It was confirmed that rumours that Ysbytty Aneurin Bevan is to close are incorrect.  The facility will not close and will continue to provide minor injury services, 96 beds for rehabilitation and care of the elderly, and will be a support ward to free up acute beds for Nevill Hall Hospital for the winter months.


In terms of stroke and rehabilitation, it was explained that an integrated partnership model has been adopted with discharge liaison nurses to aid quicker re-ablement.  Additionally, for fall patients, care workers looking after them at home will start the relationship in hospital and will continue at home.  It was confirmed that strike and rehabilitation services will continue in Chepstow Hospital.  


A Member queried why it takes so long to transfer x-ray results to the GP, especially as the images are digital.  It was explained that an ultrasound/x ray has to be seen by a superviser who will look at the image in detail to interpret, noting that non-urgent, low priority images will take 2/3 weeks to return to the GP.


It was also questioned what is proposed regarding mental health services in the area noting that it can take over 6 months for a therapy referral, or for a patient to be seen, suggesting that it may be quicker to go to the voluntary sector or privately.


It was acknowledged that the Health Board has been poor at delivering primary mental health care.  It was explained that it is a Welsh Government requirement that 80% of mental health patients should be seen in 28 days and therapy should be provided within a further 28 days.  It was reported that a year ago only 30% of patients were being seen, or provided with therapy within the target times. This was due to underinvestment in therapies and reliance on the voluntary sector.  The Health Board is building that service back up whilst managing the back log.  Currently, 80% are seen within 28 days and 70% are provided with therapy. 


It was reported that the wait for childrens’ mental health services has reduced from was 17/18 weeks to 16 weeks.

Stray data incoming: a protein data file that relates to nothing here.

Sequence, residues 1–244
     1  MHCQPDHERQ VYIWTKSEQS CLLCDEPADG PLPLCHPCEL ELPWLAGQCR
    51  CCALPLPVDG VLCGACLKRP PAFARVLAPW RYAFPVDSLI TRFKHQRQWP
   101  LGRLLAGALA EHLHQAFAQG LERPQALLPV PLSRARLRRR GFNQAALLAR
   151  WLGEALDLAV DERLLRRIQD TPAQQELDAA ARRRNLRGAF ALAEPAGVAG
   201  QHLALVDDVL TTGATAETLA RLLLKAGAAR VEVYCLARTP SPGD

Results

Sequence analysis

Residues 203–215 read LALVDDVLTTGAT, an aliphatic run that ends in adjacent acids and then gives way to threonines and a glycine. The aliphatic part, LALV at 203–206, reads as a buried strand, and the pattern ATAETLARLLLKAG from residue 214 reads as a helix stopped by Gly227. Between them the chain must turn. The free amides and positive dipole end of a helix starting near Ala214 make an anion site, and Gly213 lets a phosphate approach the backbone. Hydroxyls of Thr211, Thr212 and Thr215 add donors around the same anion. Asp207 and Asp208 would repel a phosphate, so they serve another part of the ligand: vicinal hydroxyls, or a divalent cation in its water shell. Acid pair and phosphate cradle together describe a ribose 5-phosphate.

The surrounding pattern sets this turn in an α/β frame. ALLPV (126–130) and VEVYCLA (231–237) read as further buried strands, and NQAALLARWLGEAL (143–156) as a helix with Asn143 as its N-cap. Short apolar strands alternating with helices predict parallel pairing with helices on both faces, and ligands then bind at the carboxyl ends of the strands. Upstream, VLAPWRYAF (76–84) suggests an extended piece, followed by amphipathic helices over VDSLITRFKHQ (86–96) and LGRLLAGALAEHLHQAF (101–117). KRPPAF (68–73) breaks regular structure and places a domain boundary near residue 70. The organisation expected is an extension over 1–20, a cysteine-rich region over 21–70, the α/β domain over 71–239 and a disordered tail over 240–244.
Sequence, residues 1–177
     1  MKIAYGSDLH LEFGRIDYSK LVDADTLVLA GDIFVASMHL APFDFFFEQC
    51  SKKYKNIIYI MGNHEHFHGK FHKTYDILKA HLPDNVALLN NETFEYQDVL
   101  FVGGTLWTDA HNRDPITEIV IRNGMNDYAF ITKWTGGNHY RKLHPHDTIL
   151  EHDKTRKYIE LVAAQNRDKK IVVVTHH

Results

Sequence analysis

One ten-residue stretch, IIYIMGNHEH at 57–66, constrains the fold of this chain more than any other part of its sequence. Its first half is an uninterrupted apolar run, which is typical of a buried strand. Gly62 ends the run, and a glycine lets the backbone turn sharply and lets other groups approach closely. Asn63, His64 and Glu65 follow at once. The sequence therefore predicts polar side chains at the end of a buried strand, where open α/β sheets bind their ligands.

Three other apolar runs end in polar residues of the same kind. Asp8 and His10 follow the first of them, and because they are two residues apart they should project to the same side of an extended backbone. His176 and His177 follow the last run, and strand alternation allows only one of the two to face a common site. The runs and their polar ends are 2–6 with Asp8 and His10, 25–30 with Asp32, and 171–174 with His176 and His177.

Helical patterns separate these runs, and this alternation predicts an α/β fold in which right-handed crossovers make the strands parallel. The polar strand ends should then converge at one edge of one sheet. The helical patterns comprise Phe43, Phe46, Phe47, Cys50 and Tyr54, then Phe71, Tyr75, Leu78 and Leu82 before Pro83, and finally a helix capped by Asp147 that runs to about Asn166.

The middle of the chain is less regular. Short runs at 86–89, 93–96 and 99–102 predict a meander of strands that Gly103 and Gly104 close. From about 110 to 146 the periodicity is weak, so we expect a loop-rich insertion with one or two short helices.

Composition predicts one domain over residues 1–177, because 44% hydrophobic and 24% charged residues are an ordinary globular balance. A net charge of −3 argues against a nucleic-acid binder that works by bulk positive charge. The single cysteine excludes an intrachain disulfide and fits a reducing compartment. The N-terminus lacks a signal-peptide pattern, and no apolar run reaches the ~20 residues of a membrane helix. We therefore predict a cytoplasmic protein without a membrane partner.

It was noted that there is a significant problem with patients who don’t attend appointments (20% -30%).  To combat this, text and e mail reminders are being sent for some services.  This approach will be deployed for mental health appointments. 

In response to a query, it was confirmed that there was no significant issue with collection of debts, nor a high level of overseas patients.   


A Member acknowledged that the Accident and Emergency Services in Nevill Hall Hospital and Royal Gwent Hospital are bottlenecks in the system, and queried if the  closure of minor injuries units impacts on ambulance services.  It was confirmed that there is a minor injuries unit in Ysbytty Aneurin Bevan and a wider facility at Ysbytty Ystrad Fawr and 2 Accident and Emergency facilities.  It was added that numbers of patients being seen are stable and not increasing.  The intention is to consolidate such services to a small number of sites and it was confirmed that most minor injuries are dealt with in Accident and Emergency.  The view was expressed that it is  major injuries causing the blockage in the system caused by the inability to move patients through and out of the system.  It was added that there is a considerable admission of patients by GPs noting a 26% increase over the last two years.


It was confirmed that a trial at Nevill Hall for last 6-8 week, has taken place where GP referred patients are rapid triaged and moved on. It was commented that volumes of frail elderly for short or long term admission have seen a massive increase.  The Committee was advised that minor injuries don’t always contribute to congestion in the system.


It was noted that the Health Board are looking to appoint 3 Physician Assistants which could relieve GP costs.  It was suggested that a Sister led minor injury unit supported by a doctor on call released from local surgeries could be a useful solution.


The issue of additional demand for services from 500 plus houses being constructed in Chepstow and Severnside was raised. 



Members of the Public in attendance at the meeting were satisfied that the pain points of their interest had been covered.  They added some information about their personal experience that the people delivering services were great but that the system was not, citing in particular that staffing levels appeared to be very low. 


The Health Board representatives were willing to return to discuss services further and were thanked for their attendance.